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Don't give up work to be a SAHM unless

(937 Posts)
akaemmafrost Tue 27-Nov-12 20:18:01

You have a HEFTY private income or can work from home.

I gave up work, usual reasons, wages would barely cover childcare, WE wanted kids to be at home with a parent.

Fast forward. I now have two dc, the father of my dc cheated on me, physically, emotionally and financially abused me.

One of my dc has SN and cannot attend school for the moment.

I've been out of work for 10 years now, I have no profession. In 6 years time our child support will stop as will most of our benefits. I will near fifty having not worked at all for 18 years.

My future is shit. Utterly grey and bleak. All I have to look forward to is a state pension. While my ex earns a fortune, travels the world and has new relationships.

This is reality for me. So think long and hard about giving up work to stay at home because no matter how shit your job is it's preferable to my future don't you think?

And it was all decided for me by a man who decided he hated me and didn't want to be married anymore and a child being diagnosed with significant SN.

It's that simple.

sieglinde Mon 17-Dec-12 10:24:31

I hate the Larkin poem, tbh. So smug, so certain, so smartarse. Larking pretty much exemplifies everything I hate about Britain, including the rabid Thatcherism.

Adrian Mitchell wrote this:

They tuck you up, your mum and dad.
They may not mean to but they do.
They give you all the quilts they have
And add some pillows just for you.

True too. Is being tucked up the same as being fucked up, as Mitchell implies? It can be.

sieglinde Mon 17-Dec-12 10:25:49

I like my own autocorrect - Larking for Larkin. Never was anyone less like a lark, or less larky... Grim old bugger. Did I mention the paedophilia and sadism, btw?

Letsmakecookies Mon 17-Dec-12 10:27:35

Bonsoir - I like your maxim!

Interesting, someone must have studied the effects of institutionalisation on children. In other countries, say Scandinavia all children are in full time nursery by 1 years old (after maternity leave finishes), it is really unusual to be a sahm.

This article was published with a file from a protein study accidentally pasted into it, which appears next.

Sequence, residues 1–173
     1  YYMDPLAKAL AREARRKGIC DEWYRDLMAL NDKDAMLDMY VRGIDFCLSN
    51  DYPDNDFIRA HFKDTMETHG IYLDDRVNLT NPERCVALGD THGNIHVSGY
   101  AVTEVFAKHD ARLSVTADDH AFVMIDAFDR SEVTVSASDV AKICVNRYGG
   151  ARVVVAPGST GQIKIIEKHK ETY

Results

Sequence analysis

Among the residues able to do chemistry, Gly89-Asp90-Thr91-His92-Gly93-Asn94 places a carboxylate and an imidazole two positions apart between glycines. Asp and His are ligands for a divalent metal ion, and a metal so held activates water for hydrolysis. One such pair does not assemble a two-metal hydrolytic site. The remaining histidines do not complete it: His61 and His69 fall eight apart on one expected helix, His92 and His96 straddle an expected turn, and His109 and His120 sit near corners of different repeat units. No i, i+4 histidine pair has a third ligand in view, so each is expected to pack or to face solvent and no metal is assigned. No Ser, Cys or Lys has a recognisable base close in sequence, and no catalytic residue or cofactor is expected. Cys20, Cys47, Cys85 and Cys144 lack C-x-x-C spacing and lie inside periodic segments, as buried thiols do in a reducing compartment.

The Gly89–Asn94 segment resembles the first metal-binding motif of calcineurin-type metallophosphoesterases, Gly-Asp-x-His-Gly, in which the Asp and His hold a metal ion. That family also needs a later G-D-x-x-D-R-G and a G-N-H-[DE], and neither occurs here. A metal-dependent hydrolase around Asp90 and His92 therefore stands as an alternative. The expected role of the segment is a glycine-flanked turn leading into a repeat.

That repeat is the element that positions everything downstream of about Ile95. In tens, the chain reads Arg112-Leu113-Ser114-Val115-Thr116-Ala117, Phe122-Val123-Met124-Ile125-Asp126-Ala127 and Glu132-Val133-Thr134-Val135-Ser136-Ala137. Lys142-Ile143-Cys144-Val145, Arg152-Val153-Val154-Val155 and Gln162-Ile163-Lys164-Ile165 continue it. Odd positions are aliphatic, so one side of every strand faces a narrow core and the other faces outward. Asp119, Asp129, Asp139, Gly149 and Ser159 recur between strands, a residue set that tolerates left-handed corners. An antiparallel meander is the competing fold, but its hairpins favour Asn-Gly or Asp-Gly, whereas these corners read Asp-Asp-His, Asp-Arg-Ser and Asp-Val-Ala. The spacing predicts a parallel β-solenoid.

Letsmakecookies Mon 17-Dec-12 10:31:51

Sieg bah humbug! I think the poem is so fabulously 70/80s and darkly amusing with a pinch of salt. But I do like your Mitchell version too, thank you. Both are very true and similarly dysfunctional.

Bonsoir Mon 17-Dec-12 10:32:59

I know lots of Swedish mothers here in Paris as the Swedish church and Swedish school are in my neighbourhood. There is universal relief among them at no longer having to participate in the Swedish system and they are either SAHMs or very high fliers - in Sweden, the only option is to occupy the middle ground, career-wise.

sieglinde Mon 17-Dec-12 10:43:37

LMC, I think we are in agreement - the 70s were not the brightest moment for the UK smile Where's the salt, incidentally?

But yes, my point is that they work best as a pair... And Bonsoir, totally agree about institutions. But there are many other options for WOHMs.

Bonsoir Mon 17-Dec-12 10:56:28

Alternatives to parental care vary wildly between countries and, indeed, across different parts of the same country. The institutional (regulated) model has been gaining a lot of ground in the UK in recent years, with ever more regulation of childminders and registration of nannies etc.

carpetsw33per Mon 17-Dec-12 14:03:10

This thread is very timely for me.

Just getting divorced now after 20 years. Was SAHM and then did part-time charity work while children were young.

When we had dc, we earned the same. Now DH earns 3 x my salary. Been divorcing for over a year. Spent 10k in solicitors' fees. No nearer to a solution. We have 50% residency so he won't pay maintenance. We wouldn't let me stay in the house - and it was too big for me to afford on my salary - so I left.

I'm in a two bed flat with two older children. I've received nothing from him. I can't see it ever ending well. I've just been served a redundancy notice from my charity job. He is sitting pretty in a massive house with his consultancy earnings going into untraceable accounts.

We are not honest with women about how vulnerable they are!!!

sieglinde Mon 17-Dec-12 17:18:31

carpet, so sorry to hear all this; really sad for you. Hope you find something else to do.

blueshoes Mon 17-Dec-12 17:24:58

Bonsoir, I disagree that the biggest predictor of a happy marriage is having grown up in one.

Having grown up with parents in a stalemate gave me a highly tuned twat radar. My siblings also made very good marriage choices. I very quickly got rid of boyfriends who did not make the cut. I agree with letsmake that it was my friends whose parents had secure marriages that could not see an arsehole staring them in the face.

But the point is that even happy marriages can turn sour when, amongst other things, mid life crisis strikes. Often one spouse (usually the woman) is taken by surprise when she discovers her husband having an affair, an affair he embarked on even whilst in an ostensibly happy marriage ... just read any number of threads in the 'relationship' section.

Bonsoir Mon 17-Dec-12 17:26:58

No I don't think happy marriages turn sour. I know all about mid-life crises and, frankly, the marriages that don't survive them were not "happy".

PessaryPam Thu 03-Jan-13 10:24:16

Claim support and let the bastard quit his job then. At least he will get some payback.

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